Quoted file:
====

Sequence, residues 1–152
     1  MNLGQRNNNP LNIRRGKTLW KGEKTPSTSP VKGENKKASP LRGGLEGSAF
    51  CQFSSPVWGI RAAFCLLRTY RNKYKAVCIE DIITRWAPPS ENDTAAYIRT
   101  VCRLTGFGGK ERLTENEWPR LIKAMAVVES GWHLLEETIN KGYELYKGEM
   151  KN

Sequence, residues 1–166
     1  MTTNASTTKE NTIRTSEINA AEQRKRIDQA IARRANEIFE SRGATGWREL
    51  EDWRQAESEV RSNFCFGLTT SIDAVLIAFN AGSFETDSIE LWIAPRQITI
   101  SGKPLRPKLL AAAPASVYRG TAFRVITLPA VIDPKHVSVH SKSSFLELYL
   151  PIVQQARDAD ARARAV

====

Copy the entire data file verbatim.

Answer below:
Sequence, residues 1–152
     1  MNLGQRNNNP LNIRRGKTLW KGEKTPSTSP VKGENKKASP LRGGLEGSAF
    51  CQFSSPVWGI RAAFCLLRTY RNKYKAVCIE DIITRWAPPS ENDTAAYIRT
   101  VCRLTGFGGK ERLTENEWPR LIKAMAVVES GWHLLEETIN KGYELYKGEM
   151  KN

Sequence, residues 1–166
     1  MTTNASTTKE NTIRTSEINA AEQRKRIDQA IARRANEIFE SRGATGWREL
    51  EDWRQAESEV RSNFCFGLTT SIDAVLIAFN AGSFETDSIE LWIAPRQITI
   101  SGKPLRPKLL AAAPASVYRG TAFRVITLPA VIDPKHVSVH SKSSFLELYL
   151  PIVQQARDAD ARARAV